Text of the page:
How do we stop hackers without understanding their true nature? What are they after, what is valuable to them? And how does what is valuable to them translate to our losses?

Being in the business of threat intelligence, we see how disproportionate hackers’ gains are when compared to the losses they inflict upon affected organizations. By far, not every stolen record gets abused. Yet, since there is no easy way to determine what becomes of the stolen data, the organization has to declare a total loss, even in a case of a minor breach.

Let’s try to understand hackers a little bit more. Who are they? Who do they work for? Where do they reside? What motivates them? How did they learn their craft? What do they do with the stolen data? What are they afraid of?

Today, brazened hackers take over our systems and demand a ransom. They give interviews to the press, they walk around their hometowns with their head held high, far away from justice. The world’s current political environment serves as their encouragement and provides cover for their evil acts.

Sure, we have regulatory security to give us the guidelines on what is the standard of care for our data, yet the hackers do not care about “certified” secure sites. They look for the vulnerabilities beyond patches and beyond application faults. They are moving into the arena of exploiting the end-users.

You cannot “patch” a person. Yet, hackers are getting smarter and creating repeatable formulas playing on people’s empathy and/or feelings.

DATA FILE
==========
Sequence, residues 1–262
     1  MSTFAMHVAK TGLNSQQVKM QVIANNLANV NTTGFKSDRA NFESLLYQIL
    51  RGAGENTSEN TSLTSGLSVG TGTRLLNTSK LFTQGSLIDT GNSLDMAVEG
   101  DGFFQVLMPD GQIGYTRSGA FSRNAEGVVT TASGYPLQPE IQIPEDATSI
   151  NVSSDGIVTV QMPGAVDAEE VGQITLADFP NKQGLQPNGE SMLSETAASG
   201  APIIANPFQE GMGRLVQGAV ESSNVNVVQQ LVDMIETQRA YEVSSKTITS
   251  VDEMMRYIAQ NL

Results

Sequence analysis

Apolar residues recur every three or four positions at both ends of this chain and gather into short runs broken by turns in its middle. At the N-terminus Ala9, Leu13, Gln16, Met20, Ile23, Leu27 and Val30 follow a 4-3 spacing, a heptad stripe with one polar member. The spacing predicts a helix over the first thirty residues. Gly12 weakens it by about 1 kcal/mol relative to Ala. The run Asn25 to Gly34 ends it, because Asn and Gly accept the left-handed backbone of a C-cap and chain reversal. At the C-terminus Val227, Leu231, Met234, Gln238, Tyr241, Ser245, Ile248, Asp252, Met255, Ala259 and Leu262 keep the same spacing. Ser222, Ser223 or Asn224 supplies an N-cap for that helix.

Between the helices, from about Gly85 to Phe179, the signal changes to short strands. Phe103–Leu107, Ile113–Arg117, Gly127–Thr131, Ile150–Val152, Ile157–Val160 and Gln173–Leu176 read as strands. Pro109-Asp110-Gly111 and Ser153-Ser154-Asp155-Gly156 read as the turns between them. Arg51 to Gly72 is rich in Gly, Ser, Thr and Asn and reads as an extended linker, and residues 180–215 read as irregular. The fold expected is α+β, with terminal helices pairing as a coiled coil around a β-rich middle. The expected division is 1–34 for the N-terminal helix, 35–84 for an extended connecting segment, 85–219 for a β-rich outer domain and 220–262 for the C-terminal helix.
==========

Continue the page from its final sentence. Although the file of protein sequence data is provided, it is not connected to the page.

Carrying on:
The primary goal is to stop hackers. Even with the current level of knowledge and experience gained from previous hacks, stopping hacking is not an easy task. There are no universal hacker deterrents, but there are ways to slow down their advances over time.

Better access management is one of the keys. That not only focuses on better passwords, but on leveraging available authentication techniques, variances and safety measures. We also will address the development of honeypots, not only as systems that are perceivably weaker, but as applications, components and even credentials, where a compromise will alert when attempted to be exploited.

At the end of the talk, we are not going to be afraid of the unknown. Each attendee will come out with a list of viable steps to formulate a plan to deter hackers – to make them turn away at the door, and even if they try their virtual assault, to ensure they are met with alarms and proactive actions specific to their attack type.

(About the author: Alex Holden is president and CISO at Hold Security LLC and a member of the ISACA. This post originally appeared on his ISACA blog, which can be viewed here).